232 THE TIBETAN BOOK OF LIVING AND DYING complicated. Even when he was nearing his eighties, I remember, he was sprightly and active and went shopping every day almost till his death. A-pé Dorje used to go shopping every morning around nine. He had heard that Ani Rilu was on the verge of death, and came to her room. He had a habit of speaking rather loudly, almost shouting. 'Ani Rilu," he called out. She opened her eyes. "My dear girl," he beamed at her affectionately with his enchanting smile, "now is the moment to show your true mettle. Don't falter. Don't waver. You have been so blessed to have met so many wonderful masters and received teachings from all of them. Not only that, but you have had the priceless opportunity to practice as well. What more could you ask for? Now, the only thing you need to do is to keep the essence of the teachings in your heart, and especially the instruction for the moment of death that your masters have given you. Keep that in your mind, and do not be distracted. "Don't worry about us, we'll be fine. I'm going shopping now, and perhaps when I come back, I won't see you. So, goodbye." He said this with a huge grin. Ani Rilu was still alert and the way he said it made her smile in recognition, and give a little nod. A-pé Dorje knew that it is vital, as we come near to death, to essentialize all our spiritual practice into one "heart practice" that embodies everything. What he said to Ani Rilu sums up the third line in the verse by Padmasambhava, which tells us, at the moment of death, to: "Enter, undistracted, into clear awareness of the teaching." For someone who has gained recognition of the nature of mind and stabilized it in his or her practice, this means to rest in the state of Rigpa. If you do not have that stability, remember, in your innermost heart, the essence of your master's teaching, especially the most essential instructions for the moment of death. Hold that in your mind and heart, and think of your master, and unite your mind as one with him or her as you die. THE INSTRUCTIONS FOR DYING An image that is often given to characterize the bardo of dying is that of a beautiful actress sitting in front of her mirror. Her final performance is about to begin, and she is putting on her makeup and checking her appearance for the last time before going out on stage. In just the same way, at the moment of death the master reintroduces us to the essential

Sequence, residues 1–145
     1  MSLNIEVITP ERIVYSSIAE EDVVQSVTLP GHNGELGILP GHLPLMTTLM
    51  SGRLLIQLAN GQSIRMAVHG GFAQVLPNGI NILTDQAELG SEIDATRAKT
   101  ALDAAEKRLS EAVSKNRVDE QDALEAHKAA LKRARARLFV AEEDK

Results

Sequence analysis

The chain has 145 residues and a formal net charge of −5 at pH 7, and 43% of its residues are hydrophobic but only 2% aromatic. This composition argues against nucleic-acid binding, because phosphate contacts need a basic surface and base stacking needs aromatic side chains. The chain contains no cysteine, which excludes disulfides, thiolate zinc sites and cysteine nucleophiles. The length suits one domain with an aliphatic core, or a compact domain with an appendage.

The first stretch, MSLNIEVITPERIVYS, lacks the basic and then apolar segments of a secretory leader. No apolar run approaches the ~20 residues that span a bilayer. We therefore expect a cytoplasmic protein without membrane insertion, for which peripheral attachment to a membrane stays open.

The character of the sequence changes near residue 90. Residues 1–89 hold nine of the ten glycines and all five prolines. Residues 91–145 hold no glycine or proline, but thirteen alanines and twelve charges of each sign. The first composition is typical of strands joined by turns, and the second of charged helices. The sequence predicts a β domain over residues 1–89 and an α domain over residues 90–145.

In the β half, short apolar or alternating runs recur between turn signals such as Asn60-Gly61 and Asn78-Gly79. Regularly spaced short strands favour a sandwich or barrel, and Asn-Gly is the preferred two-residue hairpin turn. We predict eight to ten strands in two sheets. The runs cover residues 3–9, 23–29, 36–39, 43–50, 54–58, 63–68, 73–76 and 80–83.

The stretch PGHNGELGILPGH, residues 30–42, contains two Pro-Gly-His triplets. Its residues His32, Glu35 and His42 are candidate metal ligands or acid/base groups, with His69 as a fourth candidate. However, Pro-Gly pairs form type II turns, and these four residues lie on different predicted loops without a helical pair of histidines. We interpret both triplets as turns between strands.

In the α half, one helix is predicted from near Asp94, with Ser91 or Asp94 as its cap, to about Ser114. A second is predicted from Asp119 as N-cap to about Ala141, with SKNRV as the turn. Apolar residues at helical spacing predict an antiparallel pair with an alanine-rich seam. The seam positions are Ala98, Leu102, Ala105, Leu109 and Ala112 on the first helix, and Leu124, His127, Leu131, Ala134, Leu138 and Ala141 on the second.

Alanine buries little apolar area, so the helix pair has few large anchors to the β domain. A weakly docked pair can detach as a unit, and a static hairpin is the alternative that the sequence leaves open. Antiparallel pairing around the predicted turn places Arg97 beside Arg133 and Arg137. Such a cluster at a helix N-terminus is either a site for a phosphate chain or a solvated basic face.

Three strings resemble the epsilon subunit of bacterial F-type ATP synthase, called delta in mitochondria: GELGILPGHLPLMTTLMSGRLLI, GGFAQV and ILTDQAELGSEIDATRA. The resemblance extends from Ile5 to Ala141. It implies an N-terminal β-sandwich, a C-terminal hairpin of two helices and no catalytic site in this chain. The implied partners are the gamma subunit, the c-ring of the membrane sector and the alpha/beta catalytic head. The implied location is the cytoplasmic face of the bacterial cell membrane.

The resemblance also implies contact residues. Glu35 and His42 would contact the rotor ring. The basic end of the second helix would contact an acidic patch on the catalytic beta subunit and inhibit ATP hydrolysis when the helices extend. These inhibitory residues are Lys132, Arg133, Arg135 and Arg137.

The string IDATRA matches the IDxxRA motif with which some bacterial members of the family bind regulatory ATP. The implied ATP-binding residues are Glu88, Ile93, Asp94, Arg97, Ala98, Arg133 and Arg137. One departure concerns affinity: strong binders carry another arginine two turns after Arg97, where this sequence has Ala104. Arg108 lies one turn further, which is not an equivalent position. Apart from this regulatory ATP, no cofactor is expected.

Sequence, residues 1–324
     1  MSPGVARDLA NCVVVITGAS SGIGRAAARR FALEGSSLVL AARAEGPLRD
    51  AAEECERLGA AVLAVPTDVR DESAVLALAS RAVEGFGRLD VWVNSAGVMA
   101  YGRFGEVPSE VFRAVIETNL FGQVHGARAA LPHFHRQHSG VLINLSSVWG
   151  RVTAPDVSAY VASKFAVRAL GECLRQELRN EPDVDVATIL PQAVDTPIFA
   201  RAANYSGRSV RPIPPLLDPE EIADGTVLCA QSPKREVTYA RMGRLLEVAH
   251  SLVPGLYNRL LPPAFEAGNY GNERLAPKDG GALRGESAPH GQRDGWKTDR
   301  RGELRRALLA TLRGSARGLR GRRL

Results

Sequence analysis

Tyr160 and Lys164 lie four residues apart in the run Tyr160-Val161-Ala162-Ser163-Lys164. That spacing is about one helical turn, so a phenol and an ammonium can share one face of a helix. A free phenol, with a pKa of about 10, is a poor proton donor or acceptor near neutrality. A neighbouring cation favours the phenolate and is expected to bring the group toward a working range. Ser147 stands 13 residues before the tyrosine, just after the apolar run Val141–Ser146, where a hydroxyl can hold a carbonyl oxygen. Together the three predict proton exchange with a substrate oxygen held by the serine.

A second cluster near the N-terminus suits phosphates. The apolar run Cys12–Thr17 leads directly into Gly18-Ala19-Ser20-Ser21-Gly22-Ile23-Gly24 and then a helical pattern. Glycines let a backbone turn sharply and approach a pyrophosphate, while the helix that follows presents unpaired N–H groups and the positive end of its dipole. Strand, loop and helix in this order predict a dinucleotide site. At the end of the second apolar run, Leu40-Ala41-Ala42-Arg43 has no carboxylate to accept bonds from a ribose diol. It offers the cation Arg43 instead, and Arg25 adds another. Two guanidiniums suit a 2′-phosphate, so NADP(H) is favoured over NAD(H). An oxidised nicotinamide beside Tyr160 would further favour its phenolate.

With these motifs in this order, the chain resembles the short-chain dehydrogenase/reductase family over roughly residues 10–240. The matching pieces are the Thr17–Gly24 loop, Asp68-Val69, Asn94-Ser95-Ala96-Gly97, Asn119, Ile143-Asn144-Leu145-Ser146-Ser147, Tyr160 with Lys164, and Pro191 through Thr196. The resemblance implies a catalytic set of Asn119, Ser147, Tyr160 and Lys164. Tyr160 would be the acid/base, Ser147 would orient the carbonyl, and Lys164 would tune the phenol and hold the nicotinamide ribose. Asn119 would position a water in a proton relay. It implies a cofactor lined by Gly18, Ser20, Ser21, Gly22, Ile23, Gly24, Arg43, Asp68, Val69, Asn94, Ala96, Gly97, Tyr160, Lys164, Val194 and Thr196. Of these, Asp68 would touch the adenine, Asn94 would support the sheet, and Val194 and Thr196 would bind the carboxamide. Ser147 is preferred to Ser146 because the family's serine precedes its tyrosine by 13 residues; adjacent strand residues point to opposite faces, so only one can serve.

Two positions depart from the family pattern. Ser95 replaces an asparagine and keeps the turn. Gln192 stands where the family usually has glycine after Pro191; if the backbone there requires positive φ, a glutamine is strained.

THE PRACTICES FOR DYING 233 truth of the teachings—in the mirror of the nature of mind— and points us directly to the heart of our practice. If our master is not present, spiritual friends who have a good karmic connection with us should be there to help remind us. It is said that the best time for this introduction is after the outer breathing has ceased and before the end of the "inner respiration," though it is safest to began during the dissolution process, before the senses have completely failed. If you will not have the opportunity to see your master just before your death, you will need to receive and acquaint yourself with these instructions well beforehand. If the master is present at the deathbed, what he or she does then in our tradition follows this sequence. The master first declares words like: "O son/daughter of an enlightened family, listen without distraction..." and then leads us through the stages of the dissolution process, one by one. Then he or she will essentialize the heart of the introduction powerfully and explicitly, in a few pungent words, so that it creates a strong impression on our mind, and ask us to rest in the nature of mind. In case this is beyond our capacity, the master will remind us of the phowa practice, if we are familiar with it; if not, he or she will effect the phowa practice for us. Then, as a further precaution, the master might also explain the nature of the experiences of the bardos after death, and how they are all, without exception, the projections of our own mind, and inspire us with the confidence to recognize this at every moment. "O son or daughter, whatever you see, however terrifying it is, recognize it as your own projection; recognize it as the luminosity, the natural radiance of your mind." 3 Finally the master will instruct us to remember the pure realms of the buddhas, to generate devotion, and to pray to be reborn there. The master will repeat the words of the introduction three times and, remaining in the state of Rigpa, direct his or her blessing toward the dying disciple. THE PRACTICES FOR DYING There are three essential practices for dying: • At best, resting in the nature of mind, or evoking the heartessence of our practice • Next, the phowa practice, the transference of consciousness • Last, relying on the power of prayer, devotion, aspiration, and the blessings of enlightened beings.